Like clockwork, industry experts are charting the year’s big trends, predicting potential changes throughout the wine, beer and spirits world. Here are some trends worth noting.
Bloomberg critic Elin McCoy sees a bright year ahead for wine, despite strength in competing segments such as craft beer and craft cider. She also sees these coming trends:
1) Continued impact of climate change
2) New technologies such as smartphone price-checking apps
3) Global appreciation for English sparkling wines
4) Natural wines go mainstream
5) Cabernet Franc as this year’s hot trending variety
6) Barolo and Barbaresco will heat up auctions
7) Super-expensive luxury wine tours are coming
8) More and better wine by the glass programs, thanks to Coravin
9) Wine trucks alongside food trucks
10) And still more celebrity wine labels
Trouble In Somm-land?
Levi Dalton, host of podcast I’ll Drink to That and Eater’s wine editor, lays out a number of reasons that the importance and influence of New York City somms may soon decline. Among them, no tipping policies; easy-drinking wines such as Prosecco and dry rosés that need no special expertise; a lack of transparency when somms promote their own and their friends’ wines; the growth in direct-to-consumer sales; the rise in online wine forums and apps; and more competition for a limited number of jobs with stagnant wages. Dalton’s conclusion?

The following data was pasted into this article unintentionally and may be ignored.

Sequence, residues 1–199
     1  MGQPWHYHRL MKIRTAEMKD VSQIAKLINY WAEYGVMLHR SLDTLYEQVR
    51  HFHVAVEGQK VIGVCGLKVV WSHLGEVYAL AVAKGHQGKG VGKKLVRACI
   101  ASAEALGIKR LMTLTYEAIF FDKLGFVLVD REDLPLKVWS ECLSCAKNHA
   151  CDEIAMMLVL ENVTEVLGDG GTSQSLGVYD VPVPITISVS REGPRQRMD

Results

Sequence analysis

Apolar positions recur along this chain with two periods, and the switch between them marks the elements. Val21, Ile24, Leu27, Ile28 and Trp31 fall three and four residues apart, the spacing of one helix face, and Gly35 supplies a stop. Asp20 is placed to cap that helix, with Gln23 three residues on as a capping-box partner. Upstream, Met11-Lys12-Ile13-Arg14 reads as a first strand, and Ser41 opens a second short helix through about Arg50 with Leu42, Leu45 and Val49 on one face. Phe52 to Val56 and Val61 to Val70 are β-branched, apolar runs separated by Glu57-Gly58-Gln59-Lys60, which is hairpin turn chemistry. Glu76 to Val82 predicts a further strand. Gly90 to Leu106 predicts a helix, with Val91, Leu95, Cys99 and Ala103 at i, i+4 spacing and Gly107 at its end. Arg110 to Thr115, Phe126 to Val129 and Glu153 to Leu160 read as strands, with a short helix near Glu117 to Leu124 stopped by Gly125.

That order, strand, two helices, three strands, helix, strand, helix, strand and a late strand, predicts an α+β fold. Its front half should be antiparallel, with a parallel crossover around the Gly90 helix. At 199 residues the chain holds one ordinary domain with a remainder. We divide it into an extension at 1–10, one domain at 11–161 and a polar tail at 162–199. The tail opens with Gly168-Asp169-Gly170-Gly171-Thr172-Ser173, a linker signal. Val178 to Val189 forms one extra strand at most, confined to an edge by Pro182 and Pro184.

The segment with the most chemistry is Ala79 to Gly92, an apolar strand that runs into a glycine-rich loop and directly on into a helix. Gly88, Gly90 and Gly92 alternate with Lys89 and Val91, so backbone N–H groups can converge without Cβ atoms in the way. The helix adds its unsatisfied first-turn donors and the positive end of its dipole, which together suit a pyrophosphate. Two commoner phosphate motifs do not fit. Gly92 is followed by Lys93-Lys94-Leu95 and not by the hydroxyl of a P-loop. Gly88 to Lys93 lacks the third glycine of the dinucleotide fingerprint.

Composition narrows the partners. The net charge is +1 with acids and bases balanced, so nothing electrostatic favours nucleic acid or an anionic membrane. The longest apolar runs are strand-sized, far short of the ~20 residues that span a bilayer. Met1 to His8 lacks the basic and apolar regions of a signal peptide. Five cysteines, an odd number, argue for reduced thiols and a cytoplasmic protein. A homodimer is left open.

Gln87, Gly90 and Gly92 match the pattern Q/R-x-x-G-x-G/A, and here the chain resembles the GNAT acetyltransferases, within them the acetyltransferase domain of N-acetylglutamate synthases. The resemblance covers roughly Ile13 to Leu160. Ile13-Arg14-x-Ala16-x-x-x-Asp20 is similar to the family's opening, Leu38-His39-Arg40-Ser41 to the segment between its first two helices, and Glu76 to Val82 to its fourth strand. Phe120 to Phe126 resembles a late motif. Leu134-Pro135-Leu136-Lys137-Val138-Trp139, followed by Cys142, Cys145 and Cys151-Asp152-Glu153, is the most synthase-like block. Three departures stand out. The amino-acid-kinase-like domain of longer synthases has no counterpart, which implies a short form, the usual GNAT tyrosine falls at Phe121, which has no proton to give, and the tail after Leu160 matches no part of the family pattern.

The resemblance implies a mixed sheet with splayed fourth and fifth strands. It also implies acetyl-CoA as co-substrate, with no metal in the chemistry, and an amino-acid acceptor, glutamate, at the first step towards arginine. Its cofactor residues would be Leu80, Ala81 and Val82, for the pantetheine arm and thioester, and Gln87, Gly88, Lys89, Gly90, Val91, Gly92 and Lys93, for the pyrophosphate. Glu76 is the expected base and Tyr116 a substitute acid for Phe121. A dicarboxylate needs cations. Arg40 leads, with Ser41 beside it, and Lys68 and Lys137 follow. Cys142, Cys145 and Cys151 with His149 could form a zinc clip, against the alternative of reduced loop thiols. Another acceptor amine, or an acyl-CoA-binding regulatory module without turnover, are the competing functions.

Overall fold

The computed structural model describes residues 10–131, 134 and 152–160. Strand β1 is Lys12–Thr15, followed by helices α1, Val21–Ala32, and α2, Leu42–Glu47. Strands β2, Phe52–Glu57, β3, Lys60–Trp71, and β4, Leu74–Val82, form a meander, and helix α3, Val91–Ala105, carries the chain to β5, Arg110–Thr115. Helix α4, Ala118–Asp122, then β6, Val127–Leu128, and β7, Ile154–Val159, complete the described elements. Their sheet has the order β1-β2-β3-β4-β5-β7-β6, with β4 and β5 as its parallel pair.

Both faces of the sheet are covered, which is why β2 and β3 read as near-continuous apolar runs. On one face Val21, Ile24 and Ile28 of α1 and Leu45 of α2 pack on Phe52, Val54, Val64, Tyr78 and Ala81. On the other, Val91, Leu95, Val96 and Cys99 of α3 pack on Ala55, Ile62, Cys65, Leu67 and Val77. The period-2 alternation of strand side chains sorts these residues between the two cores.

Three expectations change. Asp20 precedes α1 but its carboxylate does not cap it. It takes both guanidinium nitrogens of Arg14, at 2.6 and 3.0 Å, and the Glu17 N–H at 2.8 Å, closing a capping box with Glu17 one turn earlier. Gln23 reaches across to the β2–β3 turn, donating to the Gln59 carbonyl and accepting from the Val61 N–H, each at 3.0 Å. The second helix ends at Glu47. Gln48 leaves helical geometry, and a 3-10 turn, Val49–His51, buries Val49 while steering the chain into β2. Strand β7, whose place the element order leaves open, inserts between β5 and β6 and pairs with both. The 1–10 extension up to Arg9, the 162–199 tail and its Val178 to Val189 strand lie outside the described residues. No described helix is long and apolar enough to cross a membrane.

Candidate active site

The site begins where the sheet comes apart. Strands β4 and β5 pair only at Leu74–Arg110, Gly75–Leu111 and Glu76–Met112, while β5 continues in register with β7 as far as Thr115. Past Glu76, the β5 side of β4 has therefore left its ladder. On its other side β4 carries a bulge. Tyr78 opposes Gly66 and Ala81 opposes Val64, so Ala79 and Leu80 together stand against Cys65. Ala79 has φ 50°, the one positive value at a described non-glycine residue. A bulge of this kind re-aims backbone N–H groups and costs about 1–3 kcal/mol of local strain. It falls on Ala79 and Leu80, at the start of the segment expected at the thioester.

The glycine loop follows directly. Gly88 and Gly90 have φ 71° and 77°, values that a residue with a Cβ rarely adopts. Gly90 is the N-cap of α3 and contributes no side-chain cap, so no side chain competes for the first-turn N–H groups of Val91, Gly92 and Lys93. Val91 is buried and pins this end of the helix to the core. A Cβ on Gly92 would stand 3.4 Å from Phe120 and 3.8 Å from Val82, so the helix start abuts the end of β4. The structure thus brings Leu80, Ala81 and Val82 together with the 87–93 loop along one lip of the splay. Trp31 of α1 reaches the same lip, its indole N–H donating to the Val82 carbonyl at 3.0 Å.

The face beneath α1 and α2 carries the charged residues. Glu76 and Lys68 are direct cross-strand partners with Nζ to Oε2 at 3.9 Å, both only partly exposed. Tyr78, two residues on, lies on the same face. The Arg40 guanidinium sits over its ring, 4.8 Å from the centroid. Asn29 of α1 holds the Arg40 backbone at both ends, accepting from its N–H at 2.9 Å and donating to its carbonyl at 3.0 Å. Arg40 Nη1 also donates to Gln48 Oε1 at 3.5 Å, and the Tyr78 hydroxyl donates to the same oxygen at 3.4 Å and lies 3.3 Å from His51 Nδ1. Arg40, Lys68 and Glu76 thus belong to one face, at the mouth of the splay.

“The real issue for sommeliers is that journalists are more naturally suited to finding and spreading the news about what is new. Sommeliers speak to a limited set of people each shift. Journalist audiences are multiples of that size. And journalists have more opportunities to travel and make new discoveries than sommeliers who have to work the floor each night. The old hierarchy of writers dictating to sommeliers what they should be interested in has returned, this time focused on the new. And sommelier autonomy has diminished as a result.”
Source from http://www.winemag.com